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Darius I of Persia in Wikipedia
Darius I was the third king of kings of the Achaemenid
Empire. Darius held the empire at its peak, then including
Egypt, and parts of Greece. The decay and downfall of the
empire commenced with his death and the coronation of his
son, Xerxes I.
Darius ascended the throne by assassinating the alleged
usurper Gaumata with the assistance of six other Persian
noble families; Darius was crowned the following morning.
The new emperor met with rebellions throughout his kingdom,
and quelled them each time. A major event in Darius' life
was his expedition to punish Athens and Eretria and
subjugate Greece (an attempt which failed). Darius expanded
his empire by conquering Thrace and Macedon, and invading
the Saka, Iranian tribes who had invaded Medes and even
killed Cyrus the Great. 
Darius organized the empire, by dividing it into provinces
and placing governors to govern it. He organized a new
monetary system, along with making Aramaic the official
language of the empire. Darius also worked on construction
projects throughout the empire, focusing on Susa, Babylon,
and Egypt. Darius created a codification of laws for Egypt.
He also carved the cliff-face Behistun Inscription, an
autobiography of great modern linguistic significance...
Darius II of Persia in Wikipedia
(Dārayavahuš), originally called Ochus and often surnamed
Nothus (from Greek νόθος), was king of the Persian Empire
from 423 BC to 404 BC.
Artaxerxes I, who died on December 25, 424 BC, was followed
by his son Xerxes II. After a month and a half Xerxes II was
murdered by his brother Secydianus or Sogdianus (the form of
the name is uncertain). His illegitimate brother, Ochus,
satrap of Hyrcania, rebelled against Sogdianus, and after a
short fight killed him, and suppressed by treachery the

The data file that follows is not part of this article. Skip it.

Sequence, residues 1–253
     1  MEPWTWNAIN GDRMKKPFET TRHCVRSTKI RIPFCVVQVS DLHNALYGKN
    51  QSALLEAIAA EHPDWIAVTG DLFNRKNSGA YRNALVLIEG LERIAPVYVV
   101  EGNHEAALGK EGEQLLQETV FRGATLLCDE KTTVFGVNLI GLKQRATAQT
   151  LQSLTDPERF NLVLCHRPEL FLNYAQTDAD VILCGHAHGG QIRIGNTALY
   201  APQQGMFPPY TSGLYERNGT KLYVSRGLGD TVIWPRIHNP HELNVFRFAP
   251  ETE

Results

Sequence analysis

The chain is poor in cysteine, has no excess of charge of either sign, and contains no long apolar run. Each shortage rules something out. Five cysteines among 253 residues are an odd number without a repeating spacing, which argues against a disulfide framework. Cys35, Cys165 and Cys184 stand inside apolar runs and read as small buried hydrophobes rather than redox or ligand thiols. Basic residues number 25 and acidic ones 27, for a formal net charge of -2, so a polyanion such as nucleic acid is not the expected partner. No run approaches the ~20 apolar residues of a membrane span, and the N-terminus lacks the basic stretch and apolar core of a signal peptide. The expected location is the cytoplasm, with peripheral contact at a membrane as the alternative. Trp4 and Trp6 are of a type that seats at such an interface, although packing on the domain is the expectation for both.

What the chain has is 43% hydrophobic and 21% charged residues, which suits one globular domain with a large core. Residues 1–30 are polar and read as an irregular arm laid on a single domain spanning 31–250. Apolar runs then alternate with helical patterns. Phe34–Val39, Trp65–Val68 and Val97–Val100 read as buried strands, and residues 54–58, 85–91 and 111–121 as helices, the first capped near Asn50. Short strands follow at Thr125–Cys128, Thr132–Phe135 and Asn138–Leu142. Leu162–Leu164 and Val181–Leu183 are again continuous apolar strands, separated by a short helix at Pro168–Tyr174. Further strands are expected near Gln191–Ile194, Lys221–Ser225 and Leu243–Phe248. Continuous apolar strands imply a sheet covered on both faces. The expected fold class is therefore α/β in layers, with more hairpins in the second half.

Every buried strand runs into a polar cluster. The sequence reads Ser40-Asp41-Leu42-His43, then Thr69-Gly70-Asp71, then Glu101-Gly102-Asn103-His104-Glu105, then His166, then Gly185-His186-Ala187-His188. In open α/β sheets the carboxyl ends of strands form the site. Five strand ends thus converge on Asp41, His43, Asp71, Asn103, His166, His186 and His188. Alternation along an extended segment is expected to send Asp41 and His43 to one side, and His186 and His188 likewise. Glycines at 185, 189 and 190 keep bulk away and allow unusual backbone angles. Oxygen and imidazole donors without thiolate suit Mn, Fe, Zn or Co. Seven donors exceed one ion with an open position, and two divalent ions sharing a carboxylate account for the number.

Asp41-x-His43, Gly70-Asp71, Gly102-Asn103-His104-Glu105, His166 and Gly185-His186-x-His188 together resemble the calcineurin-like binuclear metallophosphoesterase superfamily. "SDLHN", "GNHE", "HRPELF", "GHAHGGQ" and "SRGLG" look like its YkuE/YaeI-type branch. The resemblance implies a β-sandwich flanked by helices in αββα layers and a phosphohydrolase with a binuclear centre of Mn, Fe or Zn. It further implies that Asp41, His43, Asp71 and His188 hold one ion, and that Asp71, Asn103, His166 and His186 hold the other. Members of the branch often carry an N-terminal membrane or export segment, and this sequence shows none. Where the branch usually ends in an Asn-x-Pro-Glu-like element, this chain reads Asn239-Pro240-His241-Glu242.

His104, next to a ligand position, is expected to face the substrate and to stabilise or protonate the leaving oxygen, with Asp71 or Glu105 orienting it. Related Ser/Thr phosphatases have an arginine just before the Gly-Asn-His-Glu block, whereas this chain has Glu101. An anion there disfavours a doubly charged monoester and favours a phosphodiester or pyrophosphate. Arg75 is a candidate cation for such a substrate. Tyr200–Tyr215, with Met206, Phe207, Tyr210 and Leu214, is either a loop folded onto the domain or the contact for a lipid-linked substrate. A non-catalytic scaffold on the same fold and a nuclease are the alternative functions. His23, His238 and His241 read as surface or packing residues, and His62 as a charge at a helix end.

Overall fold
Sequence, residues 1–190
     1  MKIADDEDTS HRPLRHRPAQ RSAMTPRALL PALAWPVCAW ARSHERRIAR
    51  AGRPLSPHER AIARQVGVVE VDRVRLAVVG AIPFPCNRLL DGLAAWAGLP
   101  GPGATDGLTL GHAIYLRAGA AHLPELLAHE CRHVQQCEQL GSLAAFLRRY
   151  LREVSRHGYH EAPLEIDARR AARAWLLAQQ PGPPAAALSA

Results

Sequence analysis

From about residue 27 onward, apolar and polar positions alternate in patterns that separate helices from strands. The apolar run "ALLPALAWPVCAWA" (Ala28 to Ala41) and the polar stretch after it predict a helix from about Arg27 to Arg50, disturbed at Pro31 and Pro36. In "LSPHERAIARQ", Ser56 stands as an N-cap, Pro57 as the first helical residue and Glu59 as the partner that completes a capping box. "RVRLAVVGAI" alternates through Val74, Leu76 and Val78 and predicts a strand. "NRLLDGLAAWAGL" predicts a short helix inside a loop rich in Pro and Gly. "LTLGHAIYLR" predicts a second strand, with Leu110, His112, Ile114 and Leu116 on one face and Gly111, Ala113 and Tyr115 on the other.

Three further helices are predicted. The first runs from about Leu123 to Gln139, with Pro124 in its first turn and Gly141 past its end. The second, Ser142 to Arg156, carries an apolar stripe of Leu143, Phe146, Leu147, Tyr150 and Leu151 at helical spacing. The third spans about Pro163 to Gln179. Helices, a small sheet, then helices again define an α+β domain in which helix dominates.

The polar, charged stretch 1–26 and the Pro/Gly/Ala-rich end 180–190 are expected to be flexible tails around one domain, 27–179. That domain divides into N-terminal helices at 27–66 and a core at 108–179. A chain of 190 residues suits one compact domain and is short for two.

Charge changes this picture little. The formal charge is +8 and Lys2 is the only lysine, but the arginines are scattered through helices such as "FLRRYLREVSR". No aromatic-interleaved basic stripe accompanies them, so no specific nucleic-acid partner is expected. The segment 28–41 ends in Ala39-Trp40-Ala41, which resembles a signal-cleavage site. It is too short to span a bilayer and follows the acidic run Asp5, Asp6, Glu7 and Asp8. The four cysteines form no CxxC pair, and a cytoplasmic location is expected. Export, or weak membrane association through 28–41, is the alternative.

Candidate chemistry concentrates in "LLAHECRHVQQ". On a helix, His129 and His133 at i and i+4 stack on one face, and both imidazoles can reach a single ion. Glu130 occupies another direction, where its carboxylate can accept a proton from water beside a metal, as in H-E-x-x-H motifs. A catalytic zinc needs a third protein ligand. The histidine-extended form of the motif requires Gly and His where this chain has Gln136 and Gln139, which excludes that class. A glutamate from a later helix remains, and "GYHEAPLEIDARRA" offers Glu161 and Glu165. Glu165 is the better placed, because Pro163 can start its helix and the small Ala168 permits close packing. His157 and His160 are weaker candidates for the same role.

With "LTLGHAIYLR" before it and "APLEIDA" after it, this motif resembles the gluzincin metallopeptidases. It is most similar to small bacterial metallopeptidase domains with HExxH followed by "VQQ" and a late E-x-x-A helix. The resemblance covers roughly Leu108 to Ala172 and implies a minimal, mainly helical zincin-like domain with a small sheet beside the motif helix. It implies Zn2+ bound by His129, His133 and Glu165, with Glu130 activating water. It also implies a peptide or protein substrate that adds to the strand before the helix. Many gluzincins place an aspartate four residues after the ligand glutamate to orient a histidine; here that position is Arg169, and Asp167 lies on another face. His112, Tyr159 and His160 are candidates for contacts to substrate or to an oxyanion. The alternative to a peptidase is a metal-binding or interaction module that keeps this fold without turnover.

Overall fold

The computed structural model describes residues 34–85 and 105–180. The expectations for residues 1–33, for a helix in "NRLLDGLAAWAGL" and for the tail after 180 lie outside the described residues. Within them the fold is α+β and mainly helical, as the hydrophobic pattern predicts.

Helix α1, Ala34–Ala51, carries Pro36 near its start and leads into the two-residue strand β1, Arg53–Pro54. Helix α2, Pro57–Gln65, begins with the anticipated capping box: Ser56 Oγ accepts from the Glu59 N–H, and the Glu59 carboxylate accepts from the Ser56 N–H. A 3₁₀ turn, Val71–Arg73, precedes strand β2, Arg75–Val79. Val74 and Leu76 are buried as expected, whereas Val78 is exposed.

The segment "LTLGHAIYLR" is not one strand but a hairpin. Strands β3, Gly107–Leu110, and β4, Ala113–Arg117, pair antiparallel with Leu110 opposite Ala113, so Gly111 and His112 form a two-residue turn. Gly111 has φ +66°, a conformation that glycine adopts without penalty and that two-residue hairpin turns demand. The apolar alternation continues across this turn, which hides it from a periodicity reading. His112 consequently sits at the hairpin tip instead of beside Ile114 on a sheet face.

attempt of his own brother Arsites to imitate his example.
Ochus adopted the name Darius (in the chronicles he is
called Nothos"). Neither Xerxes II nor Secydianus occurs in
the dates of the numerous Babylonian tablets from Nippur;
here the reign of Darius II follows immediately after that
of Artaxerxes I.
Prospective tomb of Darius II of Persia in Naqsh-e Rustam
Of Darius's reign historians know very little (a rebellion
of the Medes in 409 BC is mentioned by Xenophon), except
that he was quite dependent on his wife Parysatis. In the
excerpts from Ctesias some harem intrigues are recorded, in
which he played a disreputable part. As long as the power of
Athens remained intact he did not meddle in Greek affairs;
even the support which the Athenians in 413 BC gave to the
rebel Amorges in Caria would not have roused him, had not
the Athenian power been broken in the same year before
Syracuse. He gave orders to his satraps in Asia Minor,
Tissaphernes and Pharnabazus, to send in the overdue tribute
of the Greek towns, and to begin a war with Athens; for this
purpose they entered into an alliance with Sparta. In 408 BC
he sent his son Cyrus to Asia Minor, to carry on the war
with greater energy. In 404 BC Darius II died after a reign
of nineteen years, and was followed by Artaxerxes II...
Darius III of Persia in Wikipedia
(Artashata) (c. 380–330 BC, Persian داریوش Dāriūš, pronounced
[dɔːriˈuːʃ]) was the last king of the Achaemenid Empire of
Persia from 336 BC to 330 BC. It was under his rule that the
Persian Empire was conquered during the Wars of Alexander the
Great (for more information on the name, see the entry for